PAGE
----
The ultimate list of sources for competitive analysis on your #startup rivals

After doing a competitive analysis of your market landscape the next level of detail most people want to perform is a key competitor analysis.

When I was a product manager, I tended to focus only on the product features, user experience, design and technology during my competitive analysis of a company.

That’s usually what most CEO’s do – after all product is the #1 thing that most customers see, touch and feel that matters to the most.

Turns out that’s an incomplete view of competition. I had a chance to see a complete view when we did a comprehensive audit of the top 2 competitors before we sold our company.

It is pretty obvious now, but you can get so much information from external sources such as social networks, email newsletters and blogs that to get a comprehensive 360 degree view of the competition, you can clearly understand where they came from, and where they are headed.

Comprehensive Competitor Analysis
Comprehensive Competitor Analysis

I put a partial list of sources that you might want to consider to get competitive information from in the chart above.

Here are the top questions you might want to consider getting answers to understand your competitors strategy overall.

  • What events are they attending? Speaking? Presenting?
  • What are they announcing? Investors? Management? Customers?
  • What are their open job positions? Who have their hired?
  • What is the segment of customers they are going after?
  • Who have their hired? What’s their background likely to tell you about their plan?
  • How do they price? What are the tiers?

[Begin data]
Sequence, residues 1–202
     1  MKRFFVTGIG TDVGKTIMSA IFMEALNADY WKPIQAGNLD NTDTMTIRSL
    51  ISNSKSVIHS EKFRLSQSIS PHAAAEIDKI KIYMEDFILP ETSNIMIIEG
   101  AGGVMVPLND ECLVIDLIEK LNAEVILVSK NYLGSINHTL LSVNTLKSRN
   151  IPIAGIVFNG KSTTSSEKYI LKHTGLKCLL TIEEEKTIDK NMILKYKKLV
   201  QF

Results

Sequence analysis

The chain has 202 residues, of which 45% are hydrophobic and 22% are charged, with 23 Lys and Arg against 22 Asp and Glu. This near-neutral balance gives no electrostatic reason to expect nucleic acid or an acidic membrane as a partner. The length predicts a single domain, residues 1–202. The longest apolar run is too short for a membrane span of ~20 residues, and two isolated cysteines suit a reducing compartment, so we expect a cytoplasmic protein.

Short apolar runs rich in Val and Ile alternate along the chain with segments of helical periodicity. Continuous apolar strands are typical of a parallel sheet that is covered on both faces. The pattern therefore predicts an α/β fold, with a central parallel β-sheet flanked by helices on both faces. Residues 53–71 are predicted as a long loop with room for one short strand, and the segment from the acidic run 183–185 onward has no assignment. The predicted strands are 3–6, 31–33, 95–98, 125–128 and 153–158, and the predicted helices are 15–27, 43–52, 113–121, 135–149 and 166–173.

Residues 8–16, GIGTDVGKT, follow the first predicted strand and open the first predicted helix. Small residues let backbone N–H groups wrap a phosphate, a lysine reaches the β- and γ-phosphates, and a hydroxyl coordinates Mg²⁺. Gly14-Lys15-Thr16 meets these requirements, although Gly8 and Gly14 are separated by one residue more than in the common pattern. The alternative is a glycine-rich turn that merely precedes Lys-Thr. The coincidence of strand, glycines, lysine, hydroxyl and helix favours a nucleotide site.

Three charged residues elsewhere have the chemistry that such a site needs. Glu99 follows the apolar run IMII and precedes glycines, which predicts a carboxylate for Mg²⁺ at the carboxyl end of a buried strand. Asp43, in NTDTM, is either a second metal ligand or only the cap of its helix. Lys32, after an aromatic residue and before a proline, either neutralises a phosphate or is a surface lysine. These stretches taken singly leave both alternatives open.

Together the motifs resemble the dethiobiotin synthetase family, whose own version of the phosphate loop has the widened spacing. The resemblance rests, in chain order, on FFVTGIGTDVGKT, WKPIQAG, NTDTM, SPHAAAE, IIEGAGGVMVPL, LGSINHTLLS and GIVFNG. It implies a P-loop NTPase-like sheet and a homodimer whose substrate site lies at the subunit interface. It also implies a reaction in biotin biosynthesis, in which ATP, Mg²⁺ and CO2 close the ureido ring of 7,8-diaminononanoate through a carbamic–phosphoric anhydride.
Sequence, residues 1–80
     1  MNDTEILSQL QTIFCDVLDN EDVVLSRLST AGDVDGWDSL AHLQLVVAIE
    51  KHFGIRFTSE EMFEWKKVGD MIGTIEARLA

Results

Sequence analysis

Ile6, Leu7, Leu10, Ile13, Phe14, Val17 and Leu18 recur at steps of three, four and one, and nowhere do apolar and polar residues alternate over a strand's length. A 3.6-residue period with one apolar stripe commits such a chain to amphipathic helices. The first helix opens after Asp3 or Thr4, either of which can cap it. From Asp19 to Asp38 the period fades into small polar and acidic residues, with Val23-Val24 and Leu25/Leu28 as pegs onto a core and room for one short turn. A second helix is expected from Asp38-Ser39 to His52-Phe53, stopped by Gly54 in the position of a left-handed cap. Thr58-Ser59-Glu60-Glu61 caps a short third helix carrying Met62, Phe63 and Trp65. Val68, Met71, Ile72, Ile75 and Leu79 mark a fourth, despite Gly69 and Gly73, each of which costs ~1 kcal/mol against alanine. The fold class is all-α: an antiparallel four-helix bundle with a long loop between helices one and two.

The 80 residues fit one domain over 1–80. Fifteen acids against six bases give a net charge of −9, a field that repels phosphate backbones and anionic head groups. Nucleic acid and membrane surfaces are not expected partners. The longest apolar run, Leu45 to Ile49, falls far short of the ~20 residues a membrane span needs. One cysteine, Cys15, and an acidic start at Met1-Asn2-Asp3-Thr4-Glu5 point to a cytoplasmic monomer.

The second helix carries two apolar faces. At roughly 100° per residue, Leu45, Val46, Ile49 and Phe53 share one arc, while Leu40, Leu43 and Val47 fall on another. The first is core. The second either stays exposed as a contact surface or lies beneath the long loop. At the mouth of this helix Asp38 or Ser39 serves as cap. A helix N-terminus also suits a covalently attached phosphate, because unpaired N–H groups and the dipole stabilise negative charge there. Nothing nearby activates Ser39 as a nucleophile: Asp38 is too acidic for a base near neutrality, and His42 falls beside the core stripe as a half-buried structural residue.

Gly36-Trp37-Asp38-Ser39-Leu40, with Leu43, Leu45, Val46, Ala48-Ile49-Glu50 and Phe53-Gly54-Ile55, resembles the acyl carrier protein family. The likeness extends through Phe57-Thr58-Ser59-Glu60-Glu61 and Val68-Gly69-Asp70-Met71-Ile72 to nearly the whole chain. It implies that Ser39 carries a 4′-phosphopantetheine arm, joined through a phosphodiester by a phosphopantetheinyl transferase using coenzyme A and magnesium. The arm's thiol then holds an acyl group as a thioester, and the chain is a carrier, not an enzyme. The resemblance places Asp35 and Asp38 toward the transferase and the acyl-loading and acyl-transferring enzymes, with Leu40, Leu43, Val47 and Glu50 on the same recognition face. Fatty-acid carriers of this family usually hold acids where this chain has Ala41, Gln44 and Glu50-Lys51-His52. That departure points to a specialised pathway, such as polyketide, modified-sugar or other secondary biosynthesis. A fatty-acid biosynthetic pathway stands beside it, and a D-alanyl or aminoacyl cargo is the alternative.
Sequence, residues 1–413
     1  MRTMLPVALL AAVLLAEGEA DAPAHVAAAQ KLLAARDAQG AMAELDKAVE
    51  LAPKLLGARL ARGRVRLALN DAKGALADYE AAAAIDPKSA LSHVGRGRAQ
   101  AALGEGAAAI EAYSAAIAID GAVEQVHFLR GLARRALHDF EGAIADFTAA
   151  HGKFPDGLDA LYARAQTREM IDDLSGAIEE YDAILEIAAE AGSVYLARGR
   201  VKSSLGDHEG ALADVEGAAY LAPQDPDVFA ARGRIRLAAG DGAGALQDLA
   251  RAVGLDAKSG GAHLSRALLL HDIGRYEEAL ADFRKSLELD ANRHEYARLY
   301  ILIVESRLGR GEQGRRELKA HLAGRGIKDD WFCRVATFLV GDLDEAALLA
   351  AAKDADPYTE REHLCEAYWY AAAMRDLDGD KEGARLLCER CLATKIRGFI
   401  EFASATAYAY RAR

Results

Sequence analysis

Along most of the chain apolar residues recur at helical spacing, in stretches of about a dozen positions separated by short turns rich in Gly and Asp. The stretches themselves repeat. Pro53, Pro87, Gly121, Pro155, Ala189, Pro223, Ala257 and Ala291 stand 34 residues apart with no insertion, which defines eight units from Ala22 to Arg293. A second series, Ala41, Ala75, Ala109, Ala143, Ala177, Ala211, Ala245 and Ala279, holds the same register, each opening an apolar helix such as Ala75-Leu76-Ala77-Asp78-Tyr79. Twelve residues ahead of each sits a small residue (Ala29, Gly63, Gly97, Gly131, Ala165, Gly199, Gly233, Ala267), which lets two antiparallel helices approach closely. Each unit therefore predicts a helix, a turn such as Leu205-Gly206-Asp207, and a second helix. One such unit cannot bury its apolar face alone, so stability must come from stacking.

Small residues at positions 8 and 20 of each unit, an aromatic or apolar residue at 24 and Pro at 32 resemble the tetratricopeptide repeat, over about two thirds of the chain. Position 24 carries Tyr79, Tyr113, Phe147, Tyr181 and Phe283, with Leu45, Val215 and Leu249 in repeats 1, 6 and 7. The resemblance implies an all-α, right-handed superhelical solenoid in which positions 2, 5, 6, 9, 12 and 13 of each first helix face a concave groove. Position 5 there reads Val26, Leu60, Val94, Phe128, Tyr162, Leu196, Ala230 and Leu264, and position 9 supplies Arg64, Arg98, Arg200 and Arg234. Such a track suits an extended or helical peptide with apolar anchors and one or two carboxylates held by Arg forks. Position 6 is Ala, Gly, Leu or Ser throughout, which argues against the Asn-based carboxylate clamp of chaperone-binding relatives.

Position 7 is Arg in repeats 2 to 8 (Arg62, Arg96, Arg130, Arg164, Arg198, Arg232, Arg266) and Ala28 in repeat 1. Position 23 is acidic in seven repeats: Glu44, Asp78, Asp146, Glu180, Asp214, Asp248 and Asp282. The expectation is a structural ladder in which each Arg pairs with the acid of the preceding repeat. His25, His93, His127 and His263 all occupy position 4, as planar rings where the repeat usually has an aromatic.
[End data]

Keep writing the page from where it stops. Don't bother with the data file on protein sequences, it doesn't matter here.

• What have they learned about their customer needs?
  • What are they sharing about their company?
  • Where are they looking to start new offices?
  • Where are they looking for talent / customers?
  • Who reports to who? How many people in the company? Background?
  • Promotional Plans? Who is following them?
  • Who likes their page? Who are their customers?
  • What questions come up? What are customers complaining about?
  • What messages are they pushing?
  • What keywords do they rank for? What are they bidding for?

While these are tactical questions, the key parts of your competitors strategy you are trying to understand are:

1. Who are their customers – what segment of the market are they going after?

2. How are they targeting customers?

3. What is the problem for their customers they are solving?

4. How are they solving the problem? What features in the product support that?

5. How do they plan to scale and grow?

Typically after this detailed analysis you will get a clear idea of what your competitor is doing beyond their product to help differentiate from others.